Monday, 28 May 2007

Bugles herald breeding cranes

The RSPB reserve at Lakenheath is turning out to be something of a triumph. Just 11 years ago much of the reserve was carrot fields, bordered by the River Little Ouse and a series of washes, where passage waders and dancing terns could be seen. The reedbeds that now cover much of the reserve show what can be done with careful planning and control of water levels. It was hoped that the reedbeds would attract breeding bitterns but it is another bird that has stolen the limelight by choosing Lakenheath as its home. This is the common crane.

Cranes are truly majestic, with a seven foot wingspan and elegant courtship display, these imperial beauties look oddly out of place when seen feeding on our farmland. Although there is little, if any, evidence to prove that cranes bred in Norfolk before  1981, it is likely that they did. Of the 300 or so place names in Britain associated with the crane only two are in Norfolk but there are many others concentrated in the Fenland of Lincolnshire and Cambridgeshire. This area would have been used by cranes from more northerly breeding populations, passing through south in autumn or wintering here. It may also have supported breeding and records do show that crane featured prominently on the menu at important banquets up until about 1600. After this time the numbers fell dramatically and from then right through until the 1970s, cranes were very rarely encountered in England. Then, on 15th September 1979, two cranes appeared at Hickling. These overwintered and then moved up to the North Norfolk coast the following spring; attempting their spring migration, but clearly deterred by the size of the North Sea crossing, the birds returned to Broadland. Over the following years other birds joined them and then finally, in 1982, they bred successfully. Since then, numbers have increased very slowly with occasional nesting attempts producing young.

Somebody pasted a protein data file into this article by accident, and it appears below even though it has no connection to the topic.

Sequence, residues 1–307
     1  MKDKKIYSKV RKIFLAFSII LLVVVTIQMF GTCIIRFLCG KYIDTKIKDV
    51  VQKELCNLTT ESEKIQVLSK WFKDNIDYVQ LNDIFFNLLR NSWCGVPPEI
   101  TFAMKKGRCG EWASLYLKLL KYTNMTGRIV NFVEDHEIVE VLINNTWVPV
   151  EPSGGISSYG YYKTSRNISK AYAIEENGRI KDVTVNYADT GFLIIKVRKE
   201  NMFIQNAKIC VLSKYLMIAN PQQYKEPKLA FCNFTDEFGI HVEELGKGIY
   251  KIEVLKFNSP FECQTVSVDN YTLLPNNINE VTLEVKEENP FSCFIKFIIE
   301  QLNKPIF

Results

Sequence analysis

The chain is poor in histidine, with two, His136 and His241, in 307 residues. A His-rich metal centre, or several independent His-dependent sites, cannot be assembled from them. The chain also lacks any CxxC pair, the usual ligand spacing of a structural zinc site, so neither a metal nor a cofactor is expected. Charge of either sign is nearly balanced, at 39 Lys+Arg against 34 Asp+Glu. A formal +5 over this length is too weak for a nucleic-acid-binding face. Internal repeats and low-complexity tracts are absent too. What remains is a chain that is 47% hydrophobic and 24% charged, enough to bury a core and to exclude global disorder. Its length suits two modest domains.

This all makes the arrival of breeding birds at Lakenheath that much more unexpected. Earlier in the year there were seven individuals present, arranged in what appeared to be three pairs with a lone young male attempting to muscle in on already established bonds. He has since disappeared, possibly along with one of the other pairs, but two pairs of these wonderful birds appear to be in residence on the reserve, typically keeping a low profile but proclaiming their presence through their loud bugle calls at dawn and dusk. With more birds now using a westerly migration route that brings them into East Anglia from Fennoscandia, it is likely that the number of cranes will continue to grow and we will increasingly hear their echoing calls across our reedbeds.

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